Re: SSH clients and hiding passwords



Dan <user@xxxxxxxxxxx> wrote:
Ah, I am sensing them that I have a fundamentally wrong approach to
sending commands from my SSH client to a server. The method I have been
using thus far is that my "console" collects user input, which it adds
up into a string. When the user presses the "enter" key, the string is
sent to the SSH stream.

Correct me if I am wrong, but I have just learned that each key that is
pressed by the user at the SSH client is not displayed in the terminal
at that point, but is sent to the server, which echoes the input back to
the user's SSH client, and then it is displayed on the user's SSH
client.

That's right. At least, usually; if the SSH client doesn't allocate
a pty at the server end, it will typically switch to behaving as you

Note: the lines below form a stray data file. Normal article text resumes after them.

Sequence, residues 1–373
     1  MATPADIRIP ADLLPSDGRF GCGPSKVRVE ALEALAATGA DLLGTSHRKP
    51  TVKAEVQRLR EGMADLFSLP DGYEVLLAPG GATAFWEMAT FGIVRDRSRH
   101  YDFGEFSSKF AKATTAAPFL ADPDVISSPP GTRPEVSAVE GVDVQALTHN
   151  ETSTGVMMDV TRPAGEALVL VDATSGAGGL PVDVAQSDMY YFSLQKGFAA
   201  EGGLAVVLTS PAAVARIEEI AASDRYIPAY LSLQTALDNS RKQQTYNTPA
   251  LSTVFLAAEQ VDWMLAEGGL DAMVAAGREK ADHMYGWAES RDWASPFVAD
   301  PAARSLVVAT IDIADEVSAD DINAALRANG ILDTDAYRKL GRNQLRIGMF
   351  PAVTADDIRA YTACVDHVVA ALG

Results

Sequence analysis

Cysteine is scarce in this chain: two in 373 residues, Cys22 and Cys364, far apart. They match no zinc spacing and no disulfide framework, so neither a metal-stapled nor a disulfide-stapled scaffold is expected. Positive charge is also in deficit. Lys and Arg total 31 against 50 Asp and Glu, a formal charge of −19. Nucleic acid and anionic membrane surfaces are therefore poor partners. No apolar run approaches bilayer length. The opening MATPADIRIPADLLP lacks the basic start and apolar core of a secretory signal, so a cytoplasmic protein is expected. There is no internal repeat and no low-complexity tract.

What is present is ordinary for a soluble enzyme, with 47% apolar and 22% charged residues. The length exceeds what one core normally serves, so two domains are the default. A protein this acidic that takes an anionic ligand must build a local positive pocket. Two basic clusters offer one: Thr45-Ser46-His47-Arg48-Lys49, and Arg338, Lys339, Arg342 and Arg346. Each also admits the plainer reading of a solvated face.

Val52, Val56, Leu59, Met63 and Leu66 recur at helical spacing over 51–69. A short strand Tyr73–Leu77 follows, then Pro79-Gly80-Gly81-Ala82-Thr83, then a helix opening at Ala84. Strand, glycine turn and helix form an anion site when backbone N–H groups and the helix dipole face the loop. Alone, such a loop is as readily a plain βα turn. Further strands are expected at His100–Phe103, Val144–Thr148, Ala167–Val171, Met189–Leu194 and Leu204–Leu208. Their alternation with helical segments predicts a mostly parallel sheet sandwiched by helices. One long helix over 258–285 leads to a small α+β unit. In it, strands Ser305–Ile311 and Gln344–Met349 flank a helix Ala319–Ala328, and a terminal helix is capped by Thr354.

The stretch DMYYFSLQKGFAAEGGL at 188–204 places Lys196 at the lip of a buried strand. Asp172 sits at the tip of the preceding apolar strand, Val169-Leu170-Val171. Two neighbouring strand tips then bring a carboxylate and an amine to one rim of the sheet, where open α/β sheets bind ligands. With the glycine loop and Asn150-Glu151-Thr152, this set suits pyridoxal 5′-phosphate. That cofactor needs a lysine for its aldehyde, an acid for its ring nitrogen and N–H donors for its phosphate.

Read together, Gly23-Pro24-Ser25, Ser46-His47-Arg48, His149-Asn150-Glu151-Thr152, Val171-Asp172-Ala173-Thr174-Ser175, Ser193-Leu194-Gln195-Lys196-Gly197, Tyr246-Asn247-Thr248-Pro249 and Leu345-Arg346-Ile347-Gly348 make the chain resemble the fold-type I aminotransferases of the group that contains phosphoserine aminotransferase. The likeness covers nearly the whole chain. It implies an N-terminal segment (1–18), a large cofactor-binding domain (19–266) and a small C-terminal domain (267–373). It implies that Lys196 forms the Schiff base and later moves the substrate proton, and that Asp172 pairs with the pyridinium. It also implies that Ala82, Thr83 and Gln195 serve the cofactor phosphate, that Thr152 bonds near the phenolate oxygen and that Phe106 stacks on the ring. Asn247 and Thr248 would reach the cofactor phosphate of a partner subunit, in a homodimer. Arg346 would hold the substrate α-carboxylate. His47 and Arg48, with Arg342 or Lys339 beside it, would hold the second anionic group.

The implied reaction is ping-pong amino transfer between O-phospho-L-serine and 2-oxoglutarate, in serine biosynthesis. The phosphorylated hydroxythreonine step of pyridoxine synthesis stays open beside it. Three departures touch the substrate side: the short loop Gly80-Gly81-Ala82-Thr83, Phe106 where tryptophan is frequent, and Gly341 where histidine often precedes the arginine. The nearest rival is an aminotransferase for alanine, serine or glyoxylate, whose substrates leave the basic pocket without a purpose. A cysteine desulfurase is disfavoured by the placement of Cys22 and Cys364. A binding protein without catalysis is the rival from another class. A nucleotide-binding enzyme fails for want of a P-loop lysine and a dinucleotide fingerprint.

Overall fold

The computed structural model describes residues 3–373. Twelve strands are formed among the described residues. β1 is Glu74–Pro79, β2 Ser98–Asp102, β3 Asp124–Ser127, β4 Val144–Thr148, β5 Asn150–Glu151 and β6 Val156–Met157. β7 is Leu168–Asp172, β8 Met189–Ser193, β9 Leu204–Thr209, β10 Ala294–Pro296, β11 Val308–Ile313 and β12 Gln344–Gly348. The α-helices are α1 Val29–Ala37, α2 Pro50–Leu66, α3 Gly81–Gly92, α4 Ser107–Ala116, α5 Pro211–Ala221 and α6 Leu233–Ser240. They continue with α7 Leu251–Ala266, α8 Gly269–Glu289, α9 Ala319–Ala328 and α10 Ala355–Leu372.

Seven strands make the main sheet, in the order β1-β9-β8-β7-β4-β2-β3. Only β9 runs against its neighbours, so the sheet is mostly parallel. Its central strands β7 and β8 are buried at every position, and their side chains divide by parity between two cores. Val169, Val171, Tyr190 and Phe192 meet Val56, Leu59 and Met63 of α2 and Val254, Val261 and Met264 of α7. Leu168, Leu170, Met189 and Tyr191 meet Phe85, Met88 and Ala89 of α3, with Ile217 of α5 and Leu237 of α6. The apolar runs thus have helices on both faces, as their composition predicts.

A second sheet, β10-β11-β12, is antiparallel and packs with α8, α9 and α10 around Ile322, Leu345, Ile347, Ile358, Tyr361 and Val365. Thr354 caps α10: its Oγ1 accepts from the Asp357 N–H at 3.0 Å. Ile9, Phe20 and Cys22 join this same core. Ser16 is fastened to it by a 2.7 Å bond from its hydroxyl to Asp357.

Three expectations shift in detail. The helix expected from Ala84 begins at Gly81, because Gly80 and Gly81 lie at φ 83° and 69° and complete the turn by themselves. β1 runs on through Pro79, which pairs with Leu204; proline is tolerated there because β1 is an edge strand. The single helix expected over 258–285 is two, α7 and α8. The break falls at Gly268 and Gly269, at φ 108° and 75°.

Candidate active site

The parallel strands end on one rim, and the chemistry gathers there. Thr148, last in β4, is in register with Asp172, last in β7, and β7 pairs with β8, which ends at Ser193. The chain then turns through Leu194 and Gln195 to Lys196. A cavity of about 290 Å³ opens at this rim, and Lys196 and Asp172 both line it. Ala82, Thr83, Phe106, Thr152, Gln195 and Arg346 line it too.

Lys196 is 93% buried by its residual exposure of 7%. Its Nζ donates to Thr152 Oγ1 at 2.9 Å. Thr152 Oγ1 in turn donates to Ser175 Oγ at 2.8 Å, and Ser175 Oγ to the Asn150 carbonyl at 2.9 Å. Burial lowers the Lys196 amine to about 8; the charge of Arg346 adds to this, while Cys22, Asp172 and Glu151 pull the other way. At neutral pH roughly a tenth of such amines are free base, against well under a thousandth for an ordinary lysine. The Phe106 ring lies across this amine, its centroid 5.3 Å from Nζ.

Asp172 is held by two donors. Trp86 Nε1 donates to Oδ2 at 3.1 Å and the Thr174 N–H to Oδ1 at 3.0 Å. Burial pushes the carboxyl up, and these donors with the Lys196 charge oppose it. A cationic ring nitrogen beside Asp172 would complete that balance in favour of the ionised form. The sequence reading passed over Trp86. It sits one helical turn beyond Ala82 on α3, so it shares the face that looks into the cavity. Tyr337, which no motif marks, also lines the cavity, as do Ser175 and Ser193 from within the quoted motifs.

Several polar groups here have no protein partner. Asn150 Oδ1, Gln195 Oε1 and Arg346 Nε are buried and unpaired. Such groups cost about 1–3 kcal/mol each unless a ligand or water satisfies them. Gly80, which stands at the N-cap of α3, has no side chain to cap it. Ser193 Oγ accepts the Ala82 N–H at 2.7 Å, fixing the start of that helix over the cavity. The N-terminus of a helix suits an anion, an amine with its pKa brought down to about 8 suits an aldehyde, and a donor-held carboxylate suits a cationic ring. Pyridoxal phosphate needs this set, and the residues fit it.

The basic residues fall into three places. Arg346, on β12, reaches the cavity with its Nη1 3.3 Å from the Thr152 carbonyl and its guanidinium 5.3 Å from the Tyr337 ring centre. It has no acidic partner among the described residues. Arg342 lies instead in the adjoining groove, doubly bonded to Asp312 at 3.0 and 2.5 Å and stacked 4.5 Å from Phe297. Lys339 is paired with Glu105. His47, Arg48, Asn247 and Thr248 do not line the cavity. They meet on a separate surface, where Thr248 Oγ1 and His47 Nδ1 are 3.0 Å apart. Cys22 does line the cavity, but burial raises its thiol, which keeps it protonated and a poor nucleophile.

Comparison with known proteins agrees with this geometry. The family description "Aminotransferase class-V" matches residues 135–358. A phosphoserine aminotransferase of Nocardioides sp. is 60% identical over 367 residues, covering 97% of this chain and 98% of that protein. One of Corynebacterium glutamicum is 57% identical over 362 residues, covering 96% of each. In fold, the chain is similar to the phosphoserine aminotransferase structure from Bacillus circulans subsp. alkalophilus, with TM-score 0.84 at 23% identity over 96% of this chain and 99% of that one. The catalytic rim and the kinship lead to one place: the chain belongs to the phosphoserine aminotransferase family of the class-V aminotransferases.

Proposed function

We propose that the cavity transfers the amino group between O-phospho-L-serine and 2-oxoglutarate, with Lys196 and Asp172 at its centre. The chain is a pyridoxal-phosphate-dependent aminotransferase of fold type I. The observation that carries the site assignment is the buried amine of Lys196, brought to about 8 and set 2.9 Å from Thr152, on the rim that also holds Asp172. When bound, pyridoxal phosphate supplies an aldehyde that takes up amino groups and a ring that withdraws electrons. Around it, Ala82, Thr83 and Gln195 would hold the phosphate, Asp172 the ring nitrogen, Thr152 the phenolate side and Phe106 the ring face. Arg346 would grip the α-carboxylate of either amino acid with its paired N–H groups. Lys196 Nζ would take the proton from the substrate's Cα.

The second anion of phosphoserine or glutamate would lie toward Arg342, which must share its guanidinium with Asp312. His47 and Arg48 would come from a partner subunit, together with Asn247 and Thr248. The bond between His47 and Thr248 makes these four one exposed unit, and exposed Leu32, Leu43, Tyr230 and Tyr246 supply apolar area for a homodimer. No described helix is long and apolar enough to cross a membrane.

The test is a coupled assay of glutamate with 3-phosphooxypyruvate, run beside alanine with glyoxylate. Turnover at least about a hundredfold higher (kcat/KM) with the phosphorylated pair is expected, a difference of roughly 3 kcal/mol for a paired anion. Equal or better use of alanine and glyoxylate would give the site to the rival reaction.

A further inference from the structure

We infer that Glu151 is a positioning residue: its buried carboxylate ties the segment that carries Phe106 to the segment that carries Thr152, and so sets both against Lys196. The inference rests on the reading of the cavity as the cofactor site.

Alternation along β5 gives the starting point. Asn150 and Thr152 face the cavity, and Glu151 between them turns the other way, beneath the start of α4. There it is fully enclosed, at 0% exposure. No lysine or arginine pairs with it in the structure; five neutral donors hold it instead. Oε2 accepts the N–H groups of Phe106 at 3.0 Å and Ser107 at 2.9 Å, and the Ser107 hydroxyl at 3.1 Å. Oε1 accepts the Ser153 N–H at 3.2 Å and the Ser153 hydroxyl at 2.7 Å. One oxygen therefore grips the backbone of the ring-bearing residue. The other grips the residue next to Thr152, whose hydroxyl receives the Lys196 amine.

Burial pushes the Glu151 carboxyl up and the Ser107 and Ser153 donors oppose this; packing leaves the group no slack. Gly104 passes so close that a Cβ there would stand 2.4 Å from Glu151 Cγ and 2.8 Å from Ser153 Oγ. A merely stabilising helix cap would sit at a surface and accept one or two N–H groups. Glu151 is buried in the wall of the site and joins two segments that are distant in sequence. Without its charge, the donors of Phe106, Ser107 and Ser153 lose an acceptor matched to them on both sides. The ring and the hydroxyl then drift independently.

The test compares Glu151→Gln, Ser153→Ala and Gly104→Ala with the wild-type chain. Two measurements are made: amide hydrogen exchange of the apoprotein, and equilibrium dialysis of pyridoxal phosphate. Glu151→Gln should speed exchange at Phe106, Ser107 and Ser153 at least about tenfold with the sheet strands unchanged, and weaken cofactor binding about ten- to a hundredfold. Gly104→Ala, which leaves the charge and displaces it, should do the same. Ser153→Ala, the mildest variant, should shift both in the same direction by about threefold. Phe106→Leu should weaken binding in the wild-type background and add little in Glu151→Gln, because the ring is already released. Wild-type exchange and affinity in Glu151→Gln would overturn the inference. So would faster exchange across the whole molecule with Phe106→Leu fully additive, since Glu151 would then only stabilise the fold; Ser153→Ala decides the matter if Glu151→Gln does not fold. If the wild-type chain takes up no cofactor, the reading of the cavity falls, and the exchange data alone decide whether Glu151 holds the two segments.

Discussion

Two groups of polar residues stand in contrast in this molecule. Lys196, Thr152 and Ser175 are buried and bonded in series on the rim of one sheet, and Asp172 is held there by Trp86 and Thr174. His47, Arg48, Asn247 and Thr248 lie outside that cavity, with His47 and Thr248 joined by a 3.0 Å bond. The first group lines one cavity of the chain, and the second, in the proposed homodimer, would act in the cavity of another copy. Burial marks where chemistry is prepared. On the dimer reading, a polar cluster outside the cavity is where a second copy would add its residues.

describe in your first paragraph.

On a standard Unix OpenSSH setup, if you type `ssh hostname cat',
then ssh will not allocate a remote terminal, and the client will
echo your input locally and collect a whole line before sending it
(exactly as you describe).

However, if you type `ssh -t hostname cat', then ssh _will_ allocate
a remote terminal, will cease performing local echo or local line
editing, and will instead send your keystrokes one by one to the
server, which will echo them back to you in the course of collecting
a line at a time at _its_ end.

The two cases are visually indistinguishable to the user, but
examining them using `strace' shows a world of difference.
--
Simon Tatham "infinite loop _see_ loop, infinite"
<anakin@xxxxxxxxx> - Index, Borland Pascal Language Guide
.